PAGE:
Championship Column

Three For Calhoun In The Blink Of An Eye

UConn had been playing basketball since 1901, back when it was called Connecticut Agricultural College and it played a single game that year against Windham High School. Ninety-eight years would pass before the school won its first national title.

All those decades, the '50s, '60s, '70s, '80s, folks in our state grew up and grew old, worked and retired, lived and died. It went on for generations. Who among them, from Thompson to Greenwich really thought a national title was possible?

The game was invented in Springfield, and a state's savior eventually would go to college there, at AIC, but the legends would lie to the west. At Kentucky, Rupp won three in four years during the Truman administration and, in 1958, would add a fourth in 11 years. Wooden, of course, won 10 times in 12 years, at UCLA with names like Alcindor and Walton between 1964 and 1975. His record bridged American sports culture. Indiana's Knight won three times in 12 years, an imperfect man with a perfect season. More recently, Coach K won three in 11 years and four in 20 at Duke.

These men had nicknames for the ages. Baron of the Bluegrass, Wizard of Westwood, the General … UConn only had the Yankee Conference and bus rides to Orono. Calhoun went out of his way to thank Dave Gavitt the other day for the vision that became the Big East Conference. UConn basketball doesn't turn into what it became without the Big East, no way, no how. Not even the Maniac, Brainiac From Braintree could have built all this without a league that would give and take so much each winter. Again, Monday night, Calhoun would brag about the Big East.

Yet there was a time when Calhoun himself looked as if he could leave the game unfulfilled. For a time he was called the best coach in America without a Final Four appearance. He denied such a tag bothered him, but he also cried that day in Phoenix when the Huskies beat Gonzaga in the 1999 Elite Eight.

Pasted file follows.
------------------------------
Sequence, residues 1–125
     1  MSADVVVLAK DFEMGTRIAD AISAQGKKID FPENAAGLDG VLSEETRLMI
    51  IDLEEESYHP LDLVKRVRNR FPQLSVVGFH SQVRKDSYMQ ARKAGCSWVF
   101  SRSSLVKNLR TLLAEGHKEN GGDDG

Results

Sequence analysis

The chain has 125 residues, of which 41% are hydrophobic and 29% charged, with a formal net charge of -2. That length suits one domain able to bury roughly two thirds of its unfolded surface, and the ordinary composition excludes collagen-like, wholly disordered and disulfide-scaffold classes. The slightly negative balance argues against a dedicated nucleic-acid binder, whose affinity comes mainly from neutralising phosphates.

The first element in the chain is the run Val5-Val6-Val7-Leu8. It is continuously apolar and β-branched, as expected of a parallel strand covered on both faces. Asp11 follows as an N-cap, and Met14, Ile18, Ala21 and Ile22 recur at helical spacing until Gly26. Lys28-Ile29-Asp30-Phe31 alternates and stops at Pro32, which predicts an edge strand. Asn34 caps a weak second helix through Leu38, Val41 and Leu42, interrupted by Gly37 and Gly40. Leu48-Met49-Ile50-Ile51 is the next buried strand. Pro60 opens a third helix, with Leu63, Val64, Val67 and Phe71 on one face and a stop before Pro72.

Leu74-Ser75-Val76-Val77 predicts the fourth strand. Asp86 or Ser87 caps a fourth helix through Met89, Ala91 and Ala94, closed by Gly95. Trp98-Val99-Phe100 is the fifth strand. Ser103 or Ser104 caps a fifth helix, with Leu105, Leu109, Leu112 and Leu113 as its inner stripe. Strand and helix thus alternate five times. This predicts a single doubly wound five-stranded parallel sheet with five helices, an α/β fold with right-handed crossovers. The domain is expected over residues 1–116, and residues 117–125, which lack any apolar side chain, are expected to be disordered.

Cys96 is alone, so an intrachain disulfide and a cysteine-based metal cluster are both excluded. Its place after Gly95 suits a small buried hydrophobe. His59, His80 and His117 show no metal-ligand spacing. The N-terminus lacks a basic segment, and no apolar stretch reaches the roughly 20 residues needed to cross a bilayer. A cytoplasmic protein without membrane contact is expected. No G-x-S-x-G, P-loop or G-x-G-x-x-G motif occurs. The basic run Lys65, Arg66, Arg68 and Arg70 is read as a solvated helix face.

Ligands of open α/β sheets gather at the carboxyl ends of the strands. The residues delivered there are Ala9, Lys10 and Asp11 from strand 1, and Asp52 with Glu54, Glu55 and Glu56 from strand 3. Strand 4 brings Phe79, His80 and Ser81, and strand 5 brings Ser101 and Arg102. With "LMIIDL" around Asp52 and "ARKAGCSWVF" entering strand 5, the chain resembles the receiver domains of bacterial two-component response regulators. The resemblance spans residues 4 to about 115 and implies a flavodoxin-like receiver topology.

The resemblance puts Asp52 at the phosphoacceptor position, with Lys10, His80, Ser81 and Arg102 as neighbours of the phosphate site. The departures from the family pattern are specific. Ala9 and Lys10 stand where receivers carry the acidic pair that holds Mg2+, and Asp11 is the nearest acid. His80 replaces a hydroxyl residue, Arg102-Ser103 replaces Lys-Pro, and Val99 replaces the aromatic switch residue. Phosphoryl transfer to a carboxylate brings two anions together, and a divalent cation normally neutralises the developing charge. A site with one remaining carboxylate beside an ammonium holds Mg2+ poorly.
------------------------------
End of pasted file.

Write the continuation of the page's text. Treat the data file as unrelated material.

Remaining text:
And now there he was on Monday morning at the ceremony to honor Walker as the winner of the Bob Cousy Award as the nation's top point guard.

"He's as fast as you ever seen," Calhoun would say, "and he might be quicker than that."

Yes, the long, forever road that it took for UConn to gain national respect suddenly, at least by historical perspective, came about quicker than could have been expected.

On March 10, Walker broke Gary McGhee's ankles with his step-back, last-second shot to beat Pitt. He did nothing but break hearts since then. Broke them in New York. Broke them in Washington. Broke them in Anaheim and, finally, in Houston.

Perhaps it's fitting we bring up names like Adolph Rupp, because this game played like the 1946 national title game. Great defense. Bad shooting. The stadium sightlines. Tight rims. Tighter players. Whatever the reason, Butler ended 12-for-64. Make no mistake, most of America was pulling for Butler. With most of America playing to the stereotype that Butler was Simon pure and David small, that UConn was the cheatin' Evil Empire, this game surely will be labeled on talk radio and in newspaper columns as the worst, ugliest final ever played.

Nothing should clog the arteries of joy for this UConn team. These Huskies did nothing wrong. They had nothing to do with NCAA violations. The way they won nine games in 19 days, the way they fought through exhaustion on the Final Four weekend, relying on defense to a glorious finish, was nothing short of beautiful.

Yes, the UConn Huskies won the national championship Monday night.

There.

It has been written … three times in Emily Calhoun's lifetime.


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